Mairi Beautyman | November 01, 2011
An airport is the only place where you can come and go without really leaving. You might start out in Munich, Erich Gassmann says, "And your next breath of fresh air is in New Delhi." Impersonal design further compounds the problem. Thus, it can be difficult for travelers to discern exactly which country's airport they're in.
Not so at Flughafen München's VIP wing. Expanded and furnished by Erich Gassmann Architekten and Tina Assmann Innenarchitektur—collaborators with offices in the same building—the airport's glorified waiting area boasts such unmistakably Bavarian details as mounted stag's antlers and a portrait of King Ludwig II. (That's Mad King Ludwig, as any lederhosen wearing local will tell you.)
Of the undulating ceiling fins throughout the 13,000-square-foot facility, encompassing public and private zones, Gassmann explains that he was inspired by Alpine foothills: "The local topography has soft shapes like these." A rounded cutout in a gently curving gypsum-board wall reveals the reception station. Behind the receptionists, a wall is shingled in untreated larch, a wood common in the region.
Oak floor planks start in reception and continue into the lounge, where the color palette reveals itself. Swiveling wing chairs by Naoto Fukasawa and round shag rugs are varying shades of green, the banquette is brown, and drum tables by Nendo are white. "Much traditional Bavarian clothing is in those three colors," Tina Assman says. In the adjoining café, it's the chairs that are brown and the banquette that's green. White is represented by Bertjan Pot's ethereal pendant globes and again by tables. A buffet counter offers such specialties as weisswurst and brezel.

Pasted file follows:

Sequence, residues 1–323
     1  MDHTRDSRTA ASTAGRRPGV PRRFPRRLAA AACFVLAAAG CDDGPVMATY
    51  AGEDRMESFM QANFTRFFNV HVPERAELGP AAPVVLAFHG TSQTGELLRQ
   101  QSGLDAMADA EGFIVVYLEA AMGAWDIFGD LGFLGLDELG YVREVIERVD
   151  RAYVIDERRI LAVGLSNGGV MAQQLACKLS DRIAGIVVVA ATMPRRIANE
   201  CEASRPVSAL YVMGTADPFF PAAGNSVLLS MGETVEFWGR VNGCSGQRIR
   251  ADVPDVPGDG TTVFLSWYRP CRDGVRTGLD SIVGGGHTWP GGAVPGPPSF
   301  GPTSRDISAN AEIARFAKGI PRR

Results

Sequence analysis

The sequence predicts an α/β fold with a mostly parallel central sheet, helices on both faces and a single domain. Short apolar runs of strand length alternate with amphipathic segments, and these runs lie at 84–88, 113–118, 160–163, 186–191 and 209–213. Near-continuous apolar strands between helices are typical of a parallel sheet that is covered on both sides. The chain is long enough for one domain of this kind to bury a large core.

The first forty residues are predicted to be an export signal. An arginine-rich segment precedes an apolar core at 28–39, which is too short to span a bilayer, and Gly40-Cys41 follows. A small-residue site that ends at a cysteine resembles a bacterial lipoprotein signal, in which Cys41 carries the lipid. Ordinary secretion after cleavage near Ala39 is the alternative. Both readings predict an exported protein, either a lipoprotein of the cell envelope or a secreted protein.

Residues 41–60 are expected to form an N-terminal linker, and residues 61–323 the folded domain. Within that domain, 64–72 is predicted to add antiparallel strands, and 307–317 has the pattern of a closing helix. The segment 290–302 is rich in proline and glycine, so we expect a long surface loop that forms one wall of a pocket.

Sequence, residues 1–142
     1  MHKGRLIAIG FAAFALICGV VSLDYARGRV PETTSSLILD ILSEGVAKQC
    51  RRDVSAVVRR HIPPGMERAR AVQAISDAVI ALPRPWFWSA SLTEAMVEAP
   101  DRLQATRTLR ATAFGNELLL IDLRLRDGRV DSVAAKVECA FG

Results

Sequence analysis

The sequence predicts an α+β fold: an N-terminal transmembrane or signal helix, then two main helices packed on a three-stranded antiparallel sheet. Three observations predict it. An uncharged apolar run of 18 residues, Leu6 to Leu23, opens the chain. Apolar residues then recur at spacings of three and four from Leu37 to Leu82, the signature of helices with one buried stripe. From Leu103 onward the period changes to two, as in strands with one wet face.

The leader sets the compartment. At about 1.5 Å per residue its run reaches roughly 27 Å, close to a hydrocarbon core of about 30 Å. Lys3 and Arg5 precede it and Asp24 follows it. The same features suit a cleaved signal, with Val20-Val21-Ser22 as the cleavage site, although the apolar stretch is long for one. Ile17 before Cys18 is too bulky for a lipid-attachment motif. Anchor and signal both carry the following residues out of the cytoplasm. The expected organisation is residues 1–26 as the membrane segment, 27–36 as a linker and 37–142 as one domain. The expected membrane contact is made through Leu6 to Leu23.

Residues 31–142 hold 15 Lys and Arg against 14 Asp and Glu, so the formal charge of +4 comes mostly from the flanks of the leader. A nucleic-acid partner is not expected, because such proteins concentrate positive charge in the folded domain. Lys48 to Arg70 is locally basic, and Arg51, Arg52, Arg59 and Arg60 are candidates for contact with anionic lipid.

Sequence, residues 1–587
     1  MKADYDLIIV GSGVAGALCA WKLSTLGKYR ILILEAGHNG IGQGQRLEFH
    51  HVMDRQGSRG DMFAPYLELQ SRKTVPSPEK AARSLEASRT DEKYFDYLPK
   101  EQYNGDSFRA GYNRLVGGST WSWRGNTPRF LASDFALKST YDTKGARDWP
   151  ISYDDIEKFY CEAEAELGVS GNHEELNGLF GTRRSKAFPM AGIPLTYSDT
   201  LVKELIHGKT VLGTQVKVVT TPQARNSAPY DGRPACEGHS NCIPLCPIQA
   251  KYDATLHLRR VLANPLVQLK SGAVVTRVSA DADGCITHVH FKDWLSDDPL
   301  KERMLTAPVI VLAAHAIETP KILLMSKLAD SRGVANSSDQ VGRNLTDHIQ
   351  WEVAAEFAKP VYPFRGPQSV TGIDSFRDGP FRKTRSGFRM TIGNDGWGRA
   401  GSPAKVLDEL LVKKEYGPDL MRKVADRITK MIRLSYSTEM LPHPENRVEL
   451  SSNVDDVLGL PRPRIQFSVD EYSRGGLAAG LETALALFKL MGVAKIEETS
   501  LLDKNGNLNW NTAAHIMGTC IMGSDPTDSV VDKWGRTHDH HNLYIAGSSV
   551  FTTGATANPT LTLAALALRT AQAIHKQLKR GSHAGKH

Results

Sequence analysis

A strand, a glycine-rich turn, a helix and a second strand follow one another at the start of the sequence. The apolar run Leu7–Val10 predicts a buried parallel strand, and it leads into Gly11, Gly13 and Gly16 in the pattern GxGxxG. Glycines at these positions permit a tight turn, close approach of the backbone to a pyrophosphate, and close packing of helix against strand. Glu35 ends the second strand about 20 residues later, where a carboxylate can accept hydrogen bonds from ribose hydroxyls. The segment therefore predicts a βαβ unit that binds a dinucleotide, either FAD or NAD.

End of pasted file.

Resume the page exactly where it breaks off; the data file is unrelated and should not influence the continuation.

Next to the buffet, the bar wraps a corner to serve both the café and the lounge. You don't need to be a beer expert to know that Bavaria is renowned for lager, and it's here on tap at the white counter. A copper color lacquers the wall behind. "Copper is typical of Bavarian breweries," Gassmann says. "It's also warm like the larch shingles."
For those with working rather than drinking on the brain, solo office alcoves are clad in sound-absorbing brown felt and equipped with builtin seats and oak desktops. The three alcoves form a row along the short corridor that connects the front zone to the rear. At the very back are the private rooms and suites for group work or relaxation-all named for Bavarian castles.
A room furnished like a living-dining room, complete with linen velvet wall covering in Bavarian green and brown, can act as a prefunction space for the conference room next door. The task chairs and the long table there are down-to-business, while a feature wall is a rough patchwork of oak blocks. "The wood wasn't sawed, just cut with an ax," Gassmann explains.
Of the suites, the one most reminiscent of luxury hotels has its own small bedroom. Across the hall is a suite with a full bathroom in addition to a lounge that's the most baroque of the bunch. Pink-and-purple florals cover the wall, and an oil portrait depicts a 17th-century princess in an elaborate feather headdress.
While entry to the VIP wing doesn't come cheap—starting at approximately $500 for three hours—it's open to any traveler willing to pay. Appeal is sure to increase once the outdoor beer garden opens.